Hidden Deep Early Access Review – Survival horror done right

Gare – Friday, January 28, 2022 12:53 PM
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Now, those that know me tend to be aware that survival horror, as a genre, has always been rather close to my heart, and that I’m always eager to jump at the opportunity when a promising new title pops up on the horizon. So, when I see a game that promises to be more than just a haphazardly put together series of cheap, loud jump scares – something with actual thought and effort put into it – I lean closer and go “okay, this could actually be good”. Well, I’m happy to report that Hidden Deep, a game no doubt inspired by classics like Aliens and The Thing, is just that. As in, it’s actually good. Not perfect, mind you, but it is still in Early Access, so there’s plenty of time for improvement.

Into the deep

The premise itself is simple yet effective, and while there isn’t much in the way of overt storytelling, Hidden Deep more than makes up for it with its excellent take on survival horror gameplay. You’re controlling a rescue team sent down to investigate a sub-oceanic research facility that’s mysteriously gone radio silent – your job is essentially to find out what happened and rescue potential survivors. And while you do, in fact, encounter various alien monstrosities along the way, Hidden Deep is far from being a mindless bug hunt. It’s more about careful exploration and the slow yet methodical process of carrying out a series of objectives while also dealing with unexpected setbacks from time to time. It’s all wrapped up in a tense, sci-fi horror atmosphere that makes exploring every new tunnel a genuinely thrilling experience, largely because you never know what surprises (one could even call them pranks) the developers might’ve prepared for you in the next area. And that’s honestly great. I died countless times while playing Hidden Deep, and not a single one of those deaths was frustrating; it’s more of a “dammit, you got me!” kind of moment, where you simply chuckle to yourself and try again. Hell, some of my accidental deaths were outright hilarious, and served only to further elevate my enjoyment of the game and its borderline mischievous nature. You ever walked off a cliff and plunged to your doom in Dark Souls because a player’s message told you there’d be a hidden path ahead? It’s a bit like that.

Gadgets and guns

At the core of Hidden Deep’s gameplay lies the hi-tech gadgetry at your disposal. During one mission, you might be required to scan the ground for potential weak spots where new pathways can be blown open with explosives, while in another, you’d have to command a pair of engineers to operate heavy machinery like cranes, hanging elevators and massive trucks used for digging additional tunnels. You also have access to a grappling hook that makes vertical traversal (for example, going up or down a mine shaft) rather convenient, while floating scan-balls can scout ahead and even electrocute monsters or remotely activate switches. There’s a lot of tools to play around with, and the levels available in the Early Access build each give you an opportunity to put them to good use.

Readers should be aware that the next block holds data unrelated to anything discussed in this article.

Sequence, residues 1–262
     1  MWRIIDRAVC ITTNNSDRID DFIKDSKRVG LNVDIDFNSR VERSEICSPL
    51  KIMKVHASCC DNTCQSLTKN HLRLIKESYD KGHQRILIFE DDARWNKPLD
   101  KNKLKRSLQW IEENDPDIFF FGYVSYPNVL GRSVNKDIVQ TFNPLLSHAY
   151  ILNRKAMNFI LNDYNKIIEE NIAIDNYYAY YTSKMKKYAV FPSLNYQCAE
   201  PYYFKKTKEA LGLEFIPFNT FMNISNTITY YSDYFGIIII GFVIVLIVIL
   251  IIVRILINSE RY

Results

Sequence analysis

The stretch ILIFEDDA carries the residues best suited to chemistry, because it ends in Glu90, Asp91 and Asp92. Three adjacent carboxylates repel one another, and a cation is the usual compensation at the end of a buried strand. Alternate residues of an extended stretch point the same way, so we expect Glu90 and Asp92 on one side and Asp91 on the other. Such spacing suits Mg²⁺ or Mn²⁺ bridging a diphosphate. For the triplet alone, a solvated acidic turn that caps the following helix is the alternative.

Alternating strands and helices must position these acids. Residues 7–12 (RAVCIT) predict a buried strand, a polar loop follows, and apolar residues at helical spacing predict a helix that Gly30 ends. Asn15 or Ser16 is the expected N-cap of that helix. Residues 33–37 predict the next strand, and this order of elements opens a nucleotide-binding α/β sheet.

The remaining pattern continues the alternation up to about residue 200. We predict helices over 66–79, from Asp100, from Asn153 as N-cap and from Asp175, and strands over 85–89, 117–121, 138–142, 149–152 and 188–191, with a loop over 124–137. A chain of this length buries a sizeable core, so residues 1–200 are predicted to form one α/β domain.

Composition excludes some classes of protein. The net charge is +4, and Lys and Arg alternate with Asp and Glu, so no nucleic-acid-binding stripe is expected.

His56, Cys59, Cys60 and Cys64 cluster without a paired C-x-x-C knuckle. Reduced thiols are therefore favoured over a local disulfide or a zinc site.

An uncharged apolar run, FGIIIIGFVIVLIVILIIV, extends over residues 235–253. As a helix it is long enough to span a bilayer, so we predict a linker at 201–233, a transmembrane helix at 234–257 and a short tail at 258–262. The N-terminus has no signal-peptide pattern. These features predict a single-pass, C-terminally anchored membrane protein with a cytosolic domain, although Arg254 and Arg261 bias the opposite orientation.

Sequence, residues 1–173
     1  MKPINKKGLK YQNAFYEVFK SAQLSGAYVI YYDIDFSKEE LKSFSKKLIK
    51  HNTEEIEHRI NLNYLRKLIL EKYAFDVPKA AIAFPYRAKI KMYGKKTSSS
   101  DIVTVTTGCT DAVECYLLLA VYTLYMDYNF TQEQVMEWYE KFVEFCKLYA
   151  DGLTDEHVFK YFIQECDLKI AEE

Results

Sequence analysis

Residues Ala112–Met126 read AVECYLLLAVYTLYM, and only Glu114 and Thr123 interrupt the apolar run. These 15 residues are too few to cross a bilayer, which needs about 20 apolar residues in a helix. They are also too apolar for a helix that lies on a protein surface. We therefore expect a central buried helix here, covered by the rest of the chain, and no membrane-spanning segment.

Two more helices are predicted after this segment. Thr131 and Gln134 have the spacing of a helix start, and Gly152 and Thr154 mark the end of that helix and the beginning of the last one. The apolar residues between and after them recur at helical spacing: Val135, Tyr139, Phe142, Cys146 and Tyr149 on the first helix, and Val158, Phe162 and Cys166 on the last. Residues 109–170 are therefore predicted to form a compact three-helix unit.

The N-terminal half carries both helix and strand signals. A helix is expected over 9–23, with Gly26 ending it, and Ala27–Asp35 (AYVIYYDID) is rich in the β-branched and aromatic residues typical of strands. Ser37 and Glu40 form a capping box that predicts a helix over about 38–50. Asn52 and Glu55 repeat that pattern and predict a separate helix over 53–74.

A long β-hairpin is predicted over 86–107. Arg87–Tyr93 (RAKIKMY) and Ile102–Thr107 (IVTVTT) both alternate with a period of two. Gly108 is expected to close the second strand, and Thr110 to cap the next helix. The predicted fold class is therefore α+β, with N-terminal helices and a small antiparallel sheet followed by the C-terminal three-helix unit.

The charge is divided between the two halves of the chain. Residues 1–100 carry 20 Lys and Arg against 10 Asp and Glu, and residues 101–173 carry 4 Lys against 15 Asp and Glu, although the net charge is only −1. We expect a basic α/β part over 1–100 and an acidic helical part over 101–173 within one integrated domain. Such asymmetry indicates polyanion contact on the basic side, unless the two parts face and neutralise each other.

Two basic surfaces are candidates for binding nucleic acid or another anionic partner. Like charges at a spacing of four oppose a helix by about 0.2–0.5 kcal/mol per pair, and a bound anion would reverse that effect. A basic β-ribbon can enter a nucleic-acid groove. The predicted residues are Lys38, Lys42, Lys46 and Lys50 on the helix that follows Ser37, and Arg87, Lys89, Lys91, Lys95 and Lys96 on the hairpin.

I also enjoyed the the game’s handling of difficulty. Your progress is only saved between levels, meaning that each and every map (some are 15-30 or so minutes long, while others can stretch to an hour) must be completed in a single sitting; and while dying will immediately have you respawn at a nearby location, you only have a limited amount of “lives” for every level, so constant failure and a reckless handling of resources is something you’ll probably want to avoid. In one particular case, using up all your gadgets can even lead to permanently getting stuck on a level with no other solution left but to restart the whole thing from scratch. To many, this may feel frustrating, but I personally enjoyed it – the game’s cold indifference to me, the player, not conserving the resources at my disposal was indeed quite refreshing, and it’s what survival horror should really be about.

Bat country

If I’m to name one big gripe I have with Hidden Deep, I’d say it’s the game’s lack of enemy variety, at least in the current Early Access build. The trailer I watched before diving into the game promised some truly disturbing content – soldiers with their heads splitting open like during that one blood test scene in The Thing; the corpses of former marines bending backwards and moving like spiders, and so on. Instead, I was fighting two things in particular during roughly 95% of the game: flying bat monsters and giant spiders. And the occasional worm. That’s about it. And while this wasn’t a colossal issue for me personally, as I enjoyed the exploration/problem-solving aspect of the game a lot more than its combat, the fact remains that in a title that radiates some fairly heavy The Thing vibes, you’d normally expect some Thing-y… things… to happen. This is one area that I would most certainly love to see expanded throughout Early Access, as more potential threats and a greater variety of monsters could really do a lot to amplify the game’s already rock solid atmosphere.

Final thoughts

Overall, I’m fairly pleased with Hidden Deep. The spooky, uncertain atmosphere is spot on, and the core gameplay loop gives you just enough sci-fi gadgets to play around with to be consistently satisfying. Couple that with several hilarious “oops, you died!” moments and you’ve got yourself a winning formula… that desperately needs more than 2-3 enemies in its roster, because there’s only so many giant spiders and bats I can fight before wanting something else – something more bizarre and disturbing. Still, other than its oddly lackluster lineup of enemies, Hidden Deep is a moody and enjoyable descent into a dark, claustrophobic hell whose every nook and cranny is a joy to explore.

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